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Late Night Jazz

Late Night Jazz

Ref: CDG1195

20 tracks 64 min
Click here to preview trk 15

Our second jazz collection is deliberately easy listening; relaxing and enjoyable, with strong melodies and a gentle swing. Sinatra, Holliday, Ella, Nat and many more stars in possibly the ultimate fantasy night club programme! Relax into the small wee hours with numbers like Sweet Lorraine, or enjoy April in Paris, and dream a little dream with Armstrong.

Price    9.99

More Information

Late Night Jazz

Our second jazz collection is deliberately easy listening; relaxing and enjoyable, with strong melodies and a gentle swing. Sinatra, Holliday, Ella, Nat and many more stars in possibly the ultimate fantasy night club programme! Relax into the small wee hours with numbers like Sweet Lorraine, or enjoy April in Paris, and dream a little dream with Armstrong.

1 Sweet Lorraine Frank Sinatra
2 You go to my head Billie Holliday
3 Laura Nat King Cole
4 But not for me Ella Fitzgerald
5 September in the rain George Shearing
6 Skylark Billy Eckstine with Earl Hines
7 One for my baby (and one more for the road) Frank Sinatra
8 September song Sarah Vaughan with Teddy Wilson
9 April in Paris Coleman Hawkins
10 Out of nowhere Lena Horne with Teddy Wilson
11 I can't get started Nat King Cole with Lester Young
12 Any time, any day, anywhere Lee Wiley with Joe Bushkin &
Buddy Hackett
13 I'll never be the same Billie Holliday with Teddy Wilson
14 Taking a chance on love Billy Eckstine with George Shearing
15 Dream a little dream of me Ella Fitzgerald & Louis Armstrong
16 My old flame Peggy Lee with Benny Goodman
17 Lover man, oh where can you be Sarah Vaughan with Dizzy Gillespie
18 Deep in a dream Connie Boswell with Woody Herman
19 Yesterdays Stan Getz
20 No moon at all Nat King Cole


CCL CD1189
Cover image: Cafe at Night 1971 Pierre Eychart (20th century) Private Collection, J.P. Zenobel /The Bridgeman Art Library
p & c 2008 Classical Communications Ltd
Made in Great Britain

Even in its rate of development, jazz is truly the music of the 20th century. It is hard to believe that this music, in all its awesome diversity, is only a century old. It has a long and complicated history, full of gods and heroes, saints and martyrs. Diversity, though, can create confusion. The word 'jazz', once so simple and direct, now describes many sounds, many kinds of musical thought. Browsing through a record shop or looking at the forthcoming attractions in a local club, it is hard to know what kind of music will result when this 'jazz' attraction or that one takes the stand.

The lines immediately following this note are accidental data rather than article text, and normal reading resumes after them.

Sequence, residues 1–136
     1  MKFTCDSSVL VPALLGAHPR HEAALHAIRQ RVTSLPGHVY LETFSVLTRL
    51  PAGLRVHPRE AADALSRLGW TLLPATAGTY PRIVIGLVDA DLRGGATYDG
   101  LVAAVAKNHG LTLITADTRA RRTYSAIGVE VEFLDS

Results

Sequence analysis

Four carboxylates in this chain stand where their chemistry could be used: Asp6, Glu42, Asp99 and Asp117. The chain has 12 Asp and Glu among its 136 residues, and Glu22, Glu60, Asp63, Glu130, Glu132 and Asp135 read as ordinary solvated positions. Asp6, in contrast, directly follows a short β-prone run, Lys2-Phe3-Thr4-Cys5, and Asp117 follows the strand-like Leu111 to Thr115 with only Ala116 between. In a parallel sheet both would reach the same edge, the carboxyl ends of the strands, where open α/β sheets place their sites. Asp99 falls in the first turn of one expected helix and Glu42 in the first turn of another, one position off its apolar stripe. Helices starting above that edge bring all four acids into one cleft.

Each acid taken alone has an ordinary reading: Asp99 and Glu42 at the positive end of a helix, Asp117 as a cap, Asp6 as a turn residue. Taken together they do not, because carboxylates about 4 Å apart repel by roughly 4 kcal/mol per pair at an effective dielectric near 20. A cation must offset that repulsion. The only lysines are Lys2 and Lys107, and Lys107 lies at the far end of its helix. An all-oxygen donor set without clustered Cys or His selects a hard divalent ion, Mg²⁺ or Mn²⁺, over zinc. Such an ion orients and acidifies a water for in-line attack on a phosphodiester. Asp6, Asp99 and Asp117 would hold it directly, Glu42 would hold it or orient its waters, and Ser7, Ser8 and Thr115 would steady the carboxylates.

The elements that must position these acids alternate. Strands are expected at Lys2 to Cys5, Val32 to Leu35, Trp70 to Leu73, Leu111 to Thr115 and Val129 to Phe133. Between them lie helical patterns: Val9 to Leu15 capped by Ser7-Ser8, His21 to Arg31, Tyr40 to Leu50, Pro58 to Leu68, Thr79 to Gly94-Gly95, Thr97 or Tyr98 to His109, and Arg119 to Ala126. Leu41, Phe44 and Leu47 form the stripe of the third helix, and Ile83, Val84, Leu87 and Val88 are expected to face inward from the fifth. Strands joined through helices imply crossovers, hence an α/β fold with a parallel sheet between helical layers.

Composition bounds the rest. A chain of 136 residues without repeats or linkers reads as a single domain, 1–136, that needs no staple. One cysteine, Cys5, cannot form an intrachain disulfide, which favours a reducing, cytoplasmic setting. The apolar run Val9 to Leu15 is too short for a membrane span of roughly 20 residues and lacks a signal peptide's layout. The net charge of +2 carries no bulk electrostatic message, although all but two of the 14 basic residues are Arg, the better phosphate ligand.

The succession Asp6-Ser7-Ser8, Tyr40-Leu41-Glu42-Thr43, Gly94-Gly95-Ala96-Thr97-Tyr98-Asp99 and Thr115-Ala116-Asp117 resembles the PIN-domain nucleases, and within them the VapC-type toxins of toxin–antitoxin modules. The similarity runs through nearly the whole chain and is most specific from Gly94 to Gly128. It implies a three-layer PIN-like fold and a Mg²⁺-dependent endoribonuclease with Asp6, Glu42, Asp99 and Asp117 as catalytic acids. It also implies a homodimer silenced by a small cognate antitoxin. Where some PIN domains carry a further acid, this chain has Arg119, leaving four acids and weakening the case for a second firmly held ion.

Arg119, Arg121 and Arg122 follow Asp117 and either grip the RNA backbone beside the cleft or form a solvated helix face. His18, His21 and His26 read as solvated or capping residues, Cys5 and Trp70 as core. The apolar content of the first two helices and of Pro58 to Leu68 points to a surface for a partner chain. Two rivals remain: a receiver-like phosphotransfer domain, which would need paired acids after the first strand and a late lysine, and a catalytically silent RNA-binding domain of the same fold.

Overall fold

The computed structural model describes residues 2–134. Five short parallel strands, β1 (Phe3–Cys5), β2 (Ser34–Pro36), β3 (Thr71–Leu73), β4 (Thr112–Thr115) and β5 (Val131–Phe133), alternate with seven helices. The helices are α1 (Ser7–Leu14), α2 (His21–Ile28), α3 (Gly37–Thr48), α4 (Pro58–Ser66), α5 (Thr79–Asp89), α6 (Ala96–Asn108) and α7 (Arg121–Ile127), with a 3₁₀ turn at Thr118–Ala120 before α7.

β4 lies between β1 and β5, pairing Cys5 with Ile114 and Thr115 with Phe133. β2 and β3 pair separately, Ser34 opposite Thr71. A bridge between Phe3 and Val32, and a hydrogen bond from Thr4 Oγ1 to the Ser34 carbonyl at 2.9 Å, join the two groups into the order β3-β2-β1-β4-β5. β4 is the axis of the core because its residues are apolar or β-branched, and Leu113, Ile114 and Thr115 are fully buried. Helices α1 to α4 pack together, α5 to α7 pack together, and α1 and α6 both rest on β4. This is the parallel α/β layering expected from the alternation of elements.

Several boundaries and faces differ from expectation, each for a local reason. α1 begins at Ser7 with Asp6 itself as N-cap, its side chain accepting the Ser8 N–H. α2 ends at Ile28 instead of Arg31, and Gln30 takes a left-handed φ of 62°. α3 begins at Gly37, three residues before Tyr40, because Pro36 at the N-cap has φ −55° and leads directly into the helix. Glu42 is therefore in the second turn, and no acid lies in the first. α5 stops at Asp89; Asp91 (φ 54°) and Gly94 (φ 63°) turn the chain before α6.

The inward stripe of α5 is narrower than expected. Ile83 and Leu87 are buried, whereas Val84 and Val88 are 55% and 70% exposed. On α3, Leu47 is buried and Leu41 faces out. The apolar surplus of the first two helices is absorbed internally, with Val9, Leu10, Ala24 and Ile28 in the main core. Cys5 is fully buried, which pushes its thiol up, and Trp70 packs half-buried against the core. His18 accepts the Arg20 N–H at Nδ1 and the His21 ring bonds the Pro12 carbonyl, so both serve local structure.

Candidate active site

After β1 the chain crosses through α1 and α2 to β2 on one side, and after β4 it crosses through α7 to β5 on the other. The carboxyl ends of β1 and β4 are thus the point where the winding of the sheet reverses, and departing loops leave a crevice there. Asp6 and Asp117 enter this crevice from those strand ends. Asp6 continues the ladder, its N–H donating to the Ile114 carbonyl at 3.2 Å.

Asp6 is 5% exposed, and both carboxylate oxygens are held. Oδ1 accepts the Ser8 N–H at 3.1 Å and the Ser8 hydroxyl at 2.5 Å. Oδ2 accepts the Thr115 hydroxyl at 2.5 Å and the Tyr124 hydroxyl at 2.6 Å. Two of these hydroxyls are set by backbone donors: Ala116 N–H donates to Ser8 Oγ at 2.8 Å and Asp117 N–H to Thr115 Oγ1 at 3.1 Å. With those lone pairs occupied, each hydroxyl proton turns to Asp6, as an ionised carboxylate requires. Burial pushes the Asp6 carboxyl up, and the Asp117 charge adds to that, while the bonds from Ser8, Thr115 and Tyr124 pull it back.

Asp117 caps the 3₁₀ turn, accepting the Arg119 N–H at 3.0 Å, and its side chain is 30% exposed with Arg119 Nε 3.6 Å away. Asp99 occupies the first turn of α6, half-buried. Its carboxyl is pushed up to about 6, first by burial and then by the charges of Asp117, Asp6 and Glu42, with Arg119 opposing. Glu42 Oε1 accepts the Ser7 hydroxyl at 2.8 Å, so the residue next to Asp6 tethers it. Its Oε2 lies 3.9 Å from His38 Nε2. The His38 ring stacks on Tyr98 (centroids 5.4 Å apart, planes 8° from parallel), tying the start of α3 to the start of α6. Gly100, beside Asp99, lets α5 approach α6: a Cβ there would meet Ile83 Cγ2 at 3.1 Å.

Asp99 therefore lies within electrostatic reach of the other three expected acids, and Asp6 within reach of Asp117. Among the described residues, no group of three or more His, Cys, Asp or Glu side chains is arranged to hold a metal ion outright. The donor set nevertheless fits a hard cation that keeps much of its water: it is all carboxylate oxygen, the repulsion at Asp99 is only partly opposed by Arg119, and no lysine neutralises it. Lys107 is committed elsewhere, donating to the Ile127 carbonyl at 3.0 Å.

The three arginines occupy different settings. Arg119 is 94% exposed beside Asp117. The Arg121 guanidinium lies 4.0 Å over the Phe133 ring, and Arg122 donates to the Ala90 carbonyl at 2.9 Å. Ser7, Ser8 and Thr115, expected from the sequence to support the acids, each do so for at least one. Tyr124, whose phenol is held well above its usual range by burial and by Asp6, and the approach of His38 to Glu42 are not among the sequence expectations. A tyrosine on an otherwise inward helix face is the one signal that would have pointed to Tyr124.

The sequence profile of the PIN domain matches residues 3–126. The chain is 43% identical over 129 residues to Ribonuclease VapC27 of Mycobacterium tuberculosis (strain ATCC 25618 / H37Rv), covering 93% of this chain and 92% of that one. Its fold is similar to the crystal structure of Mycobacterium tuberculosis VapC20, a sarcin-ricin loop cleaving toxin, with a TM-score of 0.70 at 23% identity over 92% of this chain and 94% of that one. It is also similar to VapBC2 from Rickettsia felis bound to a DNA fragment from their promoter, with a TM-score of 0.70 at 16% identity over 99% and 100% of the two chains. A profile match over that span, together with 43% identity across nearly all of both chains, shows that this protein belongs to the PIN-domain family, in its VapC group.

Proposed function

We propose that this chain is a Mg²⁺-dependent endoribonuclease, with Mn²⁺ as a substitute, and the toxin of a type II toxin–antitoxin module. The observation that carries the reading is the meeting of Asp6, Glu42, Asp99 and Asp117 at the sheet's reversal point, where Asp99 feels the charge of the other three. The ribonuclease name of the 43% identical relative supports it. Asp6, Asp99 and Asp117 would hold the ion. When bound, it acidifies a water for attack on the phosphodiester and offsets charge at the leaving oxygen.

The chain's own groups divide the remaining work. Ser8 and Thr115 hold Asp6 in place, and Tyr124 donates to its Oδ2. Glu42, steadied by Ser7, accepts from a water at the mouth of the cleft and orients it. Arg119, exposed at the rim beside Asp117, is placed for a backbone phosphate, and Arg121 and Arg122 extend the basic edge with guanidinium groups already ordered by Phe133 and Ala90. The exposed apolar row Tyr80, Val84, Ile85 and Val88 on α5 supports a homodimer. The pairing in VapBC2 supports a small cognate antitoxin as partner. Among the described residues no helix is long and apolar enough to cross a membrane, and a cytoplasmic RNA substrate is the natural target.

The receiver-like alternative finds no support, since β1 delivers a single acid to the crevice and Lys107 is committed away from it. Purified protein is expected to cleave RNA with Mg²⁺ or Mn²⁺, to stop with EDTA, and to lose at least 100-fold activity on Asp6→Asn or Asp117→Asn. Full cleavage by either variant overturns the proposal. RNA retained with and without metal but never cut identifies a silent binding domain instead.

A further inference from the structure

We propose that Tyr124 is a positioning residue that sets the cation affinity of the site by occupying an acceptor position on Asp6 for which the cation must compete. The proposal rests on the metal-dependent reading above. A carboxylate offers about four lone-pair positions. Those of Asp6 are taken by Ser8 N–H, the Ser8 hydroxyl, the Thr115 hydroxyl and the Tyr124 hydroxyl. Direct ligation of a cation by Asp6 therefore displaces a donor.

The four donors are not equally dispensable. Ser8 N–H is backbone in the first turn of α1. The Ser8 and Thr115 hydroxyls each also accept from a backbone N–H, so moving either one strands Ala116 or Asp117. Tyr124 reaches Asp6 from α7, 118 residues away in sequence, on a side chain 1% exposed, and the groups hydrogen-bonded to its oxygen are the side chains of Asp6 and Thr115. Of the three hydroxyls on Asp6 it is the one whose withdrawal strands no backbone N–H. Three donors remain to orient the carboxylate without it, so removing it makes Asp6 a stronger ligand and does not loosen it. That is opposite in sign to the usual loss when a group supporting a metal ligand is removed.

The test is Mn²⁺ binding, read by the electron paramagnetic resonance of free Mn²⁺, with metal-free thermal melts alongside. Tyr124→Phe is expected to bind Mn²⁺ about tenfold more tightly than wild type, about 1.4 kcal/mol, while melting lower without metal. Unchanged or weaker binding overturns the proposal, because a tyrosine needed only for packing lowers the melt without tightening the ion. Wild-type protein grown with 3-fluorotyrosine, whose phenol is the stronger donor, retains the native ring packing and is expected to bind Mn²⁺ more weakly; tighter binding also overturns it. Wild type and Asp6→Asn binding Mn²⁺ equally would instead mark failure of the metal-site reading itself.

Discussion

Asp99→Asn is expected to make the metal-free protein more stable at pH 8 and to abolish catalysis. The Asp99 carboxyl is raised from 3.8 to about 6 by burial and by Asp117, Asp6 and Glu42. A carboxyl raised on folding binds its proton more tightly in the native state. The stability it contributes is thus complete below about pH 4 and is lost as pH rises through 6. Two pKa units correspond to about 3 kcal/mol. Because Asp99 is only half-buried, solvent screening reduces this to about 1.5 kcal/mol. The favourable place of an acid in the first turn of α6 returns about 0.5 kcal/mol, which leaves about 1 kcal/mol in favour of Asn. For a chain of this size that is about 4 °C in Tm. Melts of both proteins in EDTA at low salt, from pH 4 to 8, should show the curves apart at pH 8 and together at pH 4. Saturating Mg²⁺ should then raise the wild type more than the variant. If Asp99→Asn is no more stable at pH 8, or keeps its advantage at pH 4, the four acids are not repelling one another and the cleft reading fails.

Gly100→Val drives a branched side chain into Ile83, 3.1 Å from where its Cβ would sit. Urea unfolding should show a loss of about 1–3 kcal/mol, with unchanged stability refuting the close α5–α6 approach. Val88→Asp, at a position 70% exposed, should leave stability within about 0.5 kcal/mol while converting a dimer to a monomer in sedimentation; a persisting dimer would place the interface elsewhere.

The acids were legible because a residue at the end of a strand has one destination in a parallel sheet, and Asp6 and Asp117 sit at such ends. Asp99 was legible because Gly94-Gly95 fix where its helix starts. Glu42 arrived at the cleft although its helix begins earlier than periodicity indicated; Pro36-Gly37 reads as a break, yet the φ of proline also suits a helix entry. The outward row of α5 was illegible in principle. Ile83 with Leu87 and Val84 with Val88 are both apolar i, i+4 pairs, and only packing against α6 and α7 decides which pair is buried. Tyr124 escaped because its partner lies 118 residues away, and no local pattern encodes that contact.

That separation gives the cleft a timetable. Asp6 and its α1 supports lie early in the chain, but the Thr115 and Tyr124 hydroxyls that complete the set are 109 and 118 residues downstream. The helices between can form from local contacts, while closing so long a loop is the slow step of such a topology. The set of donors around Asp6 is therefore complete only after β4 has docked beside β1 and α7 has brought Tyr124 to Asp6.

Jazz is indeed a unique mode of expression. For the first, and arguably the only time, in the history of modern Western music, the performer and the composer are united as one, creator and interpreter fused in a single unit. The result is an expansive musical culture, international, with a virtuoso tradition admired around the world; a degree of artistry truly amazing in its scope and diversity. Its past is constantly uniting with its present to fuse an ever-changing future, with every new artist the sum of everything that's gone before. Ultimately, the jazzman is telling us not about somebody else's feelings and experiences, but his own, and, through our understanding, ours.

For a music that was at first seen as reactionary but became accepted on its own terms, it is sobering to realize just how much jazz infiltrated and influenced the mainstream of popular music. Nat King Cole made a smooth transition from jazz pianist to become one of the most outstanding popular singers of the 20th century. Frank Sinatra imbued his singing with an innate jazz feel, an inheritance from his time with the Tommy Dorsey band. Stan Getz could bring his talent to the world of the Bossa Nova in the early 1960s and one did not feel uncomfortable in the process.

The music on our collection of Late Night Jazz is relaxing, enjoyable listening; melody plays a prominent role and it gently swings. Angry, rebellious sounds can be heard elsewhere. The recordings featured here date from that late 1930s through the 1940s - a period that coincides with what is generally regarded as The Golden Age of Popular Song. From around 1930 to 1950, many of our greatest 'standards' and evergreens were written. These years saw popular music's most celebrated composers producing their finest work. Our program features such illustrious names as Jerome Kern, George Gershwin, Vernon Duke, Gus Kahn, Hoagy Carmichael, Johnny Mercer, Kurt Weill and Harold Arlen. And consider for a moment the list of artists represented here: it reads like a "Who's Who" of popular music, from the soulful stylings of Billie Holiday to the soft, gentle sound of George Shearing; from the deep, rich voice of Billy Eckstine to the elegance of Lester Young; from the unique pairing of Ella Fitzgerald with Louis Armstrong to the swinging ease of Frank Sinatra.


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